Monday, June 23, 2008

Getting Lucid With Foreigner

Just when you thougth June might slide by without a post from the potentially overworked and certainly defocused performance guys, I happened to stumble upon yet another blog gem from LucidEra. Following up on their recent webinar theme, Darren's blog post about Sales Ops Hero Going Platnium includes new lyrics by a fan or interested observer of the blog, the company, Darren's thematic stylings, or all of the above. I admit to some skepticism to the post based on both Darren's prior lyrical works and the fact that the source is not named. However, he did go through the trouble to put in a good YouTube video to enjoy. The only way it would have been better is if the lead singer in the video was wearing a Kiss Alive 4 t-shirt. Rock on brother. Rock on.

Wednesday, April 23, 2008

This is Going to Sting a Little...

Saying you're sorry is never something that vendors are over anxious to do, let alone publicly. Every vendor, from time to time, has to deal with issues that spiral out of control, with of course the preferred method being a quiet communication and a hearty promise to rectify the problem.

The challenge with solving the problem that way is the fact that there are any number of ways for disgruntled customers to turn a private apology into a public relations fire drill. And that seems to be what's happened to Business Objects, an SAP Company recently.

Apparently there have been some major issues with the data quality side of the business, and in an email sent out to clients after close of business Friday (pretty sneaky, sis...) pledges were made, resources were marshalled, internet links were included. All with a hope that things would settle down and the customers would be placated.

Alas, such was not the case, as someone sent the customer note onto DM Review, and now everyone knows the issue. Now it's one thing to be a blurb in a "notes" column; but when the editor-in-chief of the publication goes to the trouble to print an article about the issue, things have clearly gotten away from you. And Franz Amman's email statement, while official sounding, doesn't really do much to close the issue since it's still unclear what the issue was. Reading between the lines, it sounds like poor support for upgrading to a new version that finally took a client or two over the edge. It invites more questions and leaves open a lot of interpretation as to what the issue is. Is it a poor quality product? Do the support people now know about the new version? Are there not enough resources to help with migration? Is the migration a much bigger issue than customers were promised? We're left to guess, which likely makes the issue bigger than it probably actually is.

To their credit, BOBJASAPC is running the standard "play defense" from the PR playbook well: issue your statement, use as few facts as necessary, say you're dealing with the problem, stay quiet and let it die away.

The key now is the execution. If they take care of the problem, this will melt away; if not, E6.1 redux here we come! Great for blogging, not as great for the EIM customers out there.

Saturday, April 19, 2008

Costco - Operational BI and Muffins

There is lots of talk about operational BI and how to make information actionable in order to focus on the customer. I saw it in action today at Costco. Shortly after scanning our card while checking out, a supervisor came up and took it from the check clerk. After we completed our transaction, we were informed we needed to go the service counter for an offer and special gift.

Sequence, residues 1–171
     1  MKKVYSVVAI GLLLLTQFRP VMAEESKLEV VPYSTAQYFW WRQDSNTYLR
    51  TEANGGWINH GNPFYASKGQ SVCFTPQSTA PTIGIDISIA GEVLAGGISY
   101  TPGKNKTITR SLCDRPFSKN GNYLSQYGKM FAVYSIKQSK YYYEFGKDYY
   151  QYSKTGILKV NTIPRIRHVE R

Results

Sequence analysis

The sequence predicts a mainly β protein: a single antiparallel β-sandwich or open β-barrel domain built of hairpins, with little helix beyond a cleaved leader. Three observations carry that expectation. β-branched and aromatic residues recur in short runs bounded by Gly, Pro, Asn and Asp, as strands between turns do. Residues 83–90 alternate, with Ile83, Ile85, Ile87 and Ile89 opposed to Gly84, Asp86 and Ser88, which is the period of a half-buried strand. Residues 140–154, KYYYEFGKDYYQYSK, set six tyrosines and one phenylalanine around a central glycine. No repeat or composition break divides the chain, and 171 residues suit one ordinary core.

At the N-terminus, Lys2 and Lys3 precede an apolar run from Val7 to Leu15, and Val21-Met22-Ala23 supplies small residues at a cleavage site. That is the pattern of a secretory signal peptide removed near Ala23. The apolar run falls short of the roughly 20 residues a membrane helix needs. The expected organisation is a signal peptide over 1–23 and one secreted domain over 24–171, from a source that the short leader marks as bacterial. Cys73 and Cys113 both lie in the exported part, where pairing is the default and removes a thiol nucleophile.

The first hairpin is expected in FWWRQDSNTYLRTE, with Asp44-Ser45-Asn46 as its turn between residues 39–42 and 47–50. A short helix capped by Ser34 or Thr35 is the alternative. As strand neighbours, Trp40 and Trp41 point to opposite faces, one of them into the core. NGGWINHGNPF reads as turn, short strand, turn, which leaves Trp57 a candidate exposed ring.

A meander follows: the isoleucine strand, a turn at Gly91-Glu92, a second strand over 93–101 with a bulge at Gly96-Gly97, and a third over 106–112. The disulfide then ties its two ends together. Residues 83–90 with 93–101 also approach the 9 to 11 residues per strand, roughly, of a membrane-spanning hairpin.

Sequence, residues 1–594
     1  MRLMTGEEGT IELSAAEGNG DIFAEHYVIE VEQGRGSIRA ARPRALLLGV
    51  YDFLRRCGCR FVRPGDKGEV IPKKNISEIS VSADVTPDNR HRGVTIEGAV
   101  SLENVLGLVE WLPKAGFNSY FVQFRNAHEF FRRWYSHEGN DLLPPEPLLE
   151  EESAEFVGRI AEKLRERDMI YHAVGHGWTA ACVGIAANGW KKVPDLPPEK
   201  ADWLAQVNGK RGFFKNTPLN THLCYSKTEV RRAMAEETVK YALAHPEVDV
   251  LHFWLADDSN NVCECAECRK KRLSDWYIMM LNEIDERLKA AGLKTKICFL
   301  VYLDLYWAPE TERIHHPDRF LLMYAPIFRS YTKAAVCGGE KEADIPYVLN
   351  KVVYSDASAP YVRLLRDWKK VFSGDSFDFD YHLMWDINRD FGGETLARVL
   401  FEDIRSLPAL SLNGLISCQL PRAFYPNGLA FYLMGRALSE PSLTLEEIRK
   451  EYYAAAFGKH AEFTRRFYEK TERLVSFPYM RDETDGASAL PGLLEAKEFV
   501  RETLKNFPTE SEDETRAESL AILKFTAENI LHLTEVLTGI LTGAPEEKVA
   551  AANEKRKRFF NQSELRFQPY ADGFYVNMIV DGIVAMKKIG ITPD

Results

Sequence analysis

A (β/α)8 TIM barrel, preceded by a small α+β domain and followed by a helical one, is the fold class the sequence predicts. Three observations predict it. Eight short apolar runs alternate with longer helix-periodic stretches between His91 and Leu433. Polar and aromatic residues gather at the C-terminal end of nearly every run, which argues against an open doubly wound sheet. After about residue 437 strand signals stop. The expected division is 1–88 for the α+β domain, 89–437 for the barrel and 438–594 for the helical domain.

When we arrived at the service counter we were told that Costco recommended we upgrade to the Executive membership in order to save money. Based our purchase history and today's transaction we were told that by spending $50 to upgrade we would get 2% back on all purchases for the year, be able to get into Costco early every day, and we would be guaranteed a refund for the differences if our purchase rebates did not amount to more than the $50 in year. Most interestingly, the clerk indicated that based on our recent purchase history, we would have no issue coming out ahead on this deal.

As we completed the transaction a supervisor was escorting a mother and daughter up for the same offer. Her comment was, "sure I am interested, assuming you can do this fast." Bottom line is that the offer was good, it was based on actual information, and they were prepared to process it fast. Better information leads to a better experience. Sounds like operational BI in action. At to top it off, they gave us a box of muffins to say thanks. My daughter did not care about the BI stuff, but she loves muffins. Who does not love muffins?

Wednesday, April 09, 2008

Fly American - Take the Bus

So you really can take the bus instead of flying with American. I am currently enjoying a flight delay in the Austin airport after my AA flight got canceled along with thousands of others across North America last night and today. Once again, poor performance by American in a week of poor performances. Among the big wins for American:

1. American scored #9 out of the top 16 airlines in North America for overall quality of service in 2007 according to the annual quality ratings. Last year was the worst year for air travel in the last twenty according to the survey. I would post a link, but you already know this about both American's poor performance and industry in general.

2. America lost a law suit filed by 9 sky caps at Logan airport. Their new baggage policy where we all now pay to check bags at the curb cost the sky caps money - $325,000 - according to the suit. $2 per bag adds up.

3. Today the front page of the paper - all of them - indicates American had to ground 300 md-80 jets for safety inspection after 15 of 19 jets failed spot checks. Apparently this was known by overnight news deadlines, but nobody bothered to tell passengers until they arrived at the airport. This includes those like me that checking after midnight local time for an 8am flight.

As a result, American is now busing people to DFW to try to get them out of Texas They are also moving them to other flights on other carriers. Who knows what is happening elsewhere. I switched to Southwest and will get to my next stop eventually. However, it will be a long time before I go back to American Airlines. If you want to fly American, you can always take the bus.

Friday, April 04, 2008

Performance Management is Hot says Gartner

Chicago was host to the Gartner BI conference this past week. I had a chance to attend and tried to focus most of my time on the CPM side of the house attending most of the performance management related sessions, here’s a recap from the events that took place: